Recently an opportunity to travel to Namibia for a 10-day tour presented itself, I grabbed it! Having lived in South Africa for 34 years it disappointed me that I, and I’m not alone, had never been to Namibia, having only seen and heard positive feedback on its underlying natural beauty, its abundance of wildlife, its monster dunes which locals refer to as their mountains, and the remnants of a very strong German colonial-era influence which can be seen everywhere.
First stop was a 4000 hectare working farm about an hour from Windhoek, Namibia’s capital, where game drives, walks in the bush, target shooting, sundowners on a purpose-built platform on the top of a big hill, followed by the customary braai back at the farm house became the daily routine. Peaceful and tranquil, the only thing that didn’t relax was the trigger on my camera.
From there it was a half-day drive to Swakopmund, a beautiful coastal town situated on the eastern side. On route we experienced some dramatic changes of scenery, most clearly illustrated by our arrival in the dunes on the periphery of the town. Abounding in German-style architecture, it’s a beautiful place, where a morning ride on a 4-wheeler in the dunes is a must and where a ‘Boot of Beer’ and an Eisbein is compulsory if you want to truly experience what Swakopmund has to offer.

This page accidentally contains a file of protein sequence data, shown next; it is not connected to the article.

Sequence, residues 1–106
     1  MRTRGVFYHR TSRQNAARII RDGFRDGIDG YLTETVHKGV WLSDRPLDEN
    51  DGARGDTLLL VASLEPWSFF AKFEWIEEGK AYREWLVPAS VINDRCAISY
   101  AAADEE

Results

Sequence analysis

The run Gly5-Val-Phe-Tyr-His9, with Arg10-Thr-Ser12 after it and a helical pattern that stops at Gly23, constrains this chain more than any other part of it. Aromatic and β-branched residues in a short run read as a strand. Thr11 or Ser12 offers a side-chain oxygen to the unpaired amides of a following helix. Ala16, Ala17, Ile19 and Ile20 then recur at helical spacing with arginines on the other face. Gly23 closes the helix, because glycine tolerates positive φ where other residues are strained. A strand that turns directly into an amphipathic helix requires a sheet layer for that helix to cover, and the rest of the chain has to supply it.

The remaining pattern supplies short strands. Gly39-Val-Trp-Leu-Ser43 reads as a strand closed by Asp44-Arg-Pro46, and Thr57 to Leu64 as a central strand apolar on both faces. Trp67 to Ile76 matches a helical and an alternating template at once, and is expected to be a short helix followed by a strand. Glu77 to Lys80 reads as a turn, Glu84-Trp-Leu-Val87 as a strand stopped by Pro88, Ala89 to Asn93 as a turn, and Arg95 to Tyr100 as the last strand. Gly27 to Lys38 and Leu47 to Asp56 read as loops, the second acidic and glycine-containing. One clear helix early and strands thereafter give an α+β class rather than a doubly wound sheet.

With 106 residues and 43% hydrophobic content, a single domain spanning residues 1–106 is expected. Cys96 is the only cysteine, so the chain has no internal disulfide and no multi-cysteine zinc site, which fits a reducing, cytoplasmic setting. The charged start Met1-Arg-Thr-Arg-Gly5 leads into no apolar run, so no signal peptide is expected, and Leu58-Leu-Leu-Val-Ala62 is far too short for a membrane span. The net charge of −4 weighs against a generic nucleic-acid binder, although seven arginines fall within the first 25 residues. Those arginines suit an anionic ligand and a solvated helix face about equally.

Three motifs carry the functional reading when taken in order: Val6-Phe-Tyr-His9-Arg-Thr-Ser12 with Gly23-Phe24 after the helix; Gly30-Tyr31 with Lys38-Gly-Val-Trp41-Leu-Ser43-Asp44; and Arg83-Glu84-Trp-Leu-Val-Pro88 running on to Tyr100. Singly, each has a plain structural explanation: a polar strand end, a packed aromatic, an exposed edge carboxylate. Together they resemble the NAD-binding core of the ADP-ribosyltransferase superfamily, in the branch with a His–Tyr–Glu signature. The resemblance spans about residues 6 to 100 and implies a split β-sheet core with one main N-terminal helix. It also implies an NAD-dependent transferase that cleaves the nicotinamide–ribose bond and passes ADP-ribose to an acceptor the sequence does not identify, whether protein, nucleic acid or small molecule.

Packed up we headed north for the Etosha National Park, possibly the greatest treasure that can be found in Namibia. Staying in a campsite just 2 kilometres outside one of the main Park gates, I was amazed at both the size and affordability of our designated camp area not to mention the fact that we had our own private ablution block which was fit for living in.
On entering Etosha we headed for the waterholes and became immediately awestruck by the abundance of wildlife that presented itself there. More Zebras than I’ve ever seen before and herds of elephants out for a morning drink and a shower-down. On one of the link roads we then came across two lions chilling on the side which presented a fantastic photo opportunity, but definitely make sure your electric car windows are working before you open them too far!
All in all, we barely touched the surface of what Namibia has to offer. It really is a big country, some 824 292 square kilometres, and it’s amazing to think that it’s so sparsely populated with only 2.48 million people. It’s a place that gets inside your soul, the beauty of the land, the friendliness of those that live there, and once it’s got a hold on you, it will bring you back for more.